Scottish FOI office gets double the expected number of appeals

The Scottish Information Commissioner told the annual seminar of the Society of Editors (Scotland) that his office has received over double the anticipated number of FOI appeals: "We were projecting more than 500 appeals over the first year - there have been 380 appeals to date."

The Commissioner said that people's awareness of their rights has been massively transformed with around fifty per cent of the appeals coming from ordinary members of the public.

Other groups using the FOI Act include solicitors acting on behalf of their clients, with only 8% of appeals coming from the press.

Tim Ellis, head of the Freedom of Information Unit at the Scottish Executive, said it was too early to make a definitive judgement about the effectiveness of the legislation: "There have been approximately 1,400 Freedom of Information requests since 1 January ... Approximately 60 per cent of requests to the Executive have come from the media - 54 different journalists have put in requests from 30 different newspapers. To that extent it's clear that the Freedom of Information Act has been a success."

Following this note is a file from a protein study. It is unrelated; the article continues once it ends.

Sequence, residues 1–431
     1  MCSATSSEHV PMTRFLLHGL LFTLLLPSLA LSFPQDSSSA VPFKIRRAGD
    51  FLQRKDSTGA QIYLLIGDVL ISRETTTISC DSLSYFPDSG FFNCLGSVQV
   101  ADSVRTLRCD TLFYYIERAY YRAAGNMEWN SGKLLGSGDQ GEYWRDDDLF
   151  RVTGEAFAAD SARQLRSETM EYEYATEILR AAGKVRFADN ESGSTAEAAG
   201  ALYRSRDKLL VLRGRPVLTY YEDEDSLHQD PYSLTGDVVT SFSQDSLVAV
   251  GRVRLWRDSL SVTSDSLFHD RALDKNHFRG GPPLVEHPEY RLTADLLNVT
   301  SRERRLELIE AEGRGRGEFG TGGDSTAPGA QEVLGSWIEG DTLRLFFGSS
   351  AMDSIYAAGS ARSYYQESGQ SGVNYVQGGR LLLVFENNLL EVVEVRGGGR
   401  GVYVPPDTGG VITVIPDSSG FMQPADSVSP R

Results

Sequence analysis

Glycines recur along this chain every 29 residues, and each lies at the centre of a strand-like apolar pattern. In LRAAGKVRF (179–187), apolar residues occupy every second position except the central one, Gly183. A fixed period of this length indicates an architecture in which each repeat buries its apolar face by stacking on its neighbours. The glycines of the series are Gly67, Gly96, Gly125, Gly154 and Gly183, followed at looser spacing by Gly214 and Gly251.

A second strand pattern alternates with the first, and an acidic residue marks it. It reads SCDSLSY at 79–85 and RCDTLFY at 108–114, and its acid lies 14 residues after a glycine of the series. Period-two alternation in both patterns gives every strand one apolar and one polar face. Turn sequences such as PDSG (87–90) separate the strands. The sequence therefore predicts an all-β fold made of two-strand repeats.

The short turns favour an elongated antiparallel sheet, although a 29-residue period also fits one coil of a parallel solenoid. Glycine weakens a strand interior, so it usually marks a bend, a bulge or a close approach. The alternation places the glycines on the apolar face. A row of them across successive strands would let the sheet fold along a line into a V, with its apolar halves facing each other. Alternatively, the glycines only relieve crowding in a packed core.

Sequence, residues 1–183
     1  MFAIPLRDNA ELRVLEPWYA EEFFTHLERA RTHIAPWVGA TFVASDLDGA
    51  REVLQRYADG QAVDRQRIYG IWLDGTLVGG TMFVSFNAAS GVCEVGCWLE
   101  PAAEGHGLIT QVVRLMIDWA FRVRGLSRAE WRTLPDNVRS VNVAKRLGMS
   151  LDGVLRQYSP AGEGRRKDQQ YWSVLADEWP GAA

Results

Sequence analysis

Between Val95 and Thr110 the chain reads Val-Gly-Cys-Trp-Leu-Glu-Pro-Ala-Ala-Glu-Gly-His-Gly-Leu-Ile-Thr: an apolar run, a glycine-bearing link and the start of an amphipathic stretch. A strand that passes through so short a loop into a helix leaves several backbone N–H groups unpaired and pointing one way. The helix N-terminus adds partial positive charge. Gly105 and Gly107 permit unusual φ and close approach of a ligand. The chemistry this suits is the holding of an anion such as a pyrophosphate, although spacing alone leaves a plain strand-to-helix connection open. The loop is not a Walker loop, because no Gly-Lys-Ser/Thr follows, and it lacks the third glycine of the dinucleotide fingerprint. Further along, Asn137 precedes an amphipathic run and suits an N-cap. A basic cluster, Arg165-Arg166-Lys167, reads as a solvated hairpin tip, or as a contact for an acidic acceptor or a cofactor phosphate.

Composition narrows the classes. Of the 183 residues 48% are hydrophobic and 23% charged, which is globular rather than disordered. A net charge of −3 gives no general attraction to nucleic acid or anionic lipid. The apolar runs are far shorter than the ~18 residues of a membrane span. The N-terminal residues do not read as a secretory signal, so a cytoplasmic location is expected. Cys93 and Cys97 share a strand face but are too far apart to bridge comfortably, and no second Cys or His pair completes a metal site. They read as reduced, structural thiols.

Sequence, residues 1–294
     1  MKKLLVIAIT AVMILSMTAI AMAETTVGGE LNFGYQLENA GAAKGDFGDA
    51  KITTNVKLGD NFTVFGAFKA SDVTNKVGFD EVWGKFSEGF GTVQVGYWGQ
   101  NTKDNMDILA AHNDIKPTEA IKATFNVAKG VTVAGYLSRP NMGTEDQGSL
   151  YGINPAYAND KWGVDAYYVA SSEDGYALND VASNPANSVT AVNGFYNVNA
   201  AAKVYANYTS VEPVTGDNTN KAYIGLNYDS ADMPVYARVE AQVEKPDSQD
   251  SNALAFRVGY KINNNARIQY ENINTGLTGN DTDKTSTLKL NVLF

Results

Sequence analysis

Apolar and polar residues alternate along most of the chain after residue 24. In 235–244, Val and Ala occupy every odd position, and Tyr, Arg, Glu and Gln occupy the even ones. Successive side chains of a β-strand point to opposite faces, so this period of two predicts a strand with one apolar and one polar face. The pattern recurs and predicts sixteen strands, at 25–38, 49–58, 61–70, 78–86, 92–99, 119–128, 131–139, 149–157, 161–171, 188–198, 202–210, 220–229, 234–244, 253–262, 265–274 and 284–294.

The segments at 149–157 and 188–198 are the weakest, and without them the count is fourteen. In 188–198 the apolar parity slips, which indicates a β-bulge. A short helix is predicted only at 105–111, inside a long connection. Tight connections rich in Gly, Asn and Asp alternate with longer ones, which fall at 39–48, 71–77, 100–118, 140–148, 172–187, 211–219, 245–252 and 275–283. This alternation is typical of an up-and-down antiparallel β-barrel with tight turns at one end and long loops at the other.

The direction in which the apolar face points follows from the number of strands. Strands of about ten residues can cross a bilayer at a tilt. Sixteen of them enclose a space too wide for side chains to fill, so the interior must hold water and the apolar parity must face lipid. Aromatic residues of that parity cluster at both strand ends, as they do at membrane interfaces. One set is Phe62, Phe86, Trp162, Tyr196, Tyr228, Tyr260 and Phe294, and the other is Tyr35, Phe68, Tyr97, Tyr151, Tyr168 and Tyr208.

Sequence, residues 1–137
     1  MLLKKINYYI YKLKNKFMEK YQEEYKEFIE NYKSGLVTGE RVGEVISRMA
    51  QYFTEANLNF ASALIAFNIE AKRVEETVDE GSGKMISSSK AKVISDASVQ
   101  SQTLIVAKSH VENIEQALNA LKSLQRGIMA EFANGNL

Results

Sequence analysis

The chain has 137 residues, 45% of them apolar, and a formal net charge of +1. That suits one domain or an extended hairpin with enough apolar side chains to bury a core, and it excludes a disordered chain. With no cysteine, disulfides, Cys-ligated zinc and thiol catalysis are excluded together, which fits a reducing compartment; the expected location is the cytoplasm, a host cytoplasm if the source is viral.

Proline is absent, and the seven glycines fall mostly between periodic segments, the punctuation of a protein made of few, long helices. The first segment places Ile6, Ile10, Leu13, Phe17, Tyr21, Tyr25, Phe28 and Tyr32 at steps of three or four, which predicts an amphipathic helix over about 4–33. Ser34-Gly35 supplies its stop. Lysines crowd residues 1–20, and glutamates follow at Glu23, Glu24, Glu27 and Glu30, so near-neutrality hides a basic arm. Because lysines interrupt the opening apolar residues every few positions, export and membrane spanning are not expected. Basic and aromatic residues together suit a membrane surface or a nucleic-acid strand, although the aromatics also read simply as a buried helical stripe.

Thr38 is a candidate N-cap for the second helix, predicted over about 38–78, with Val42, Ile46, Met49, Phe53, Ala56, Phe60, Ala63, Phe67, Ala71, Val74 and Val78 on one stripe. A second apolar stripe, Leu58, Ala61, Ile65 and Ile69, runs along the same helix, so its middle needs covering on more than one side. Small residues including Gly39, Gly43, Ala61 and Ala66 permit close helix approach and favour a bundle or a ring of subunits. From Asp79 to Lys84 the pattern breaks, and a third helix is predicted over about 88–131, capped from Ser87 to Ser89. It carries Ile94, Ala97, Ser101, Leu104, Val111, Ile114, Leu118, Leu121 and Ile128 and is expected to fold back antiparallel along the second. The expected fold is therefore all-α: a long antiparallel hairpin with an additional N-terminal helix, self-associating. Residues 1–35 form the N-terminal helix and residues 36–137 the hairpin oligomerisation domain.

Charles McGhee, editor of the Glasgow Evening Times, said the legislation had proved to be extremely important for journalists as they sought to get to the truth. But he also told the seminar that the legislation had not been without its problems: his newspaper's first request under the FOI Act was delayed after Greater Glasgow NHS Board said it had not received its request, concerning a board meeting about a hospital threatened with closure. The board took the full 20 days to respond to the re-submitted application and then heavily censored its response. McGhee said "Just one paragraph survived the censorship. It took two-and-a-half months to get the report — about the ‘Queen Mum's' maternity hospital — in the Evening Times."

Scottish FoI office receives double the expected appeals (Press Gazette, 15 September 2005)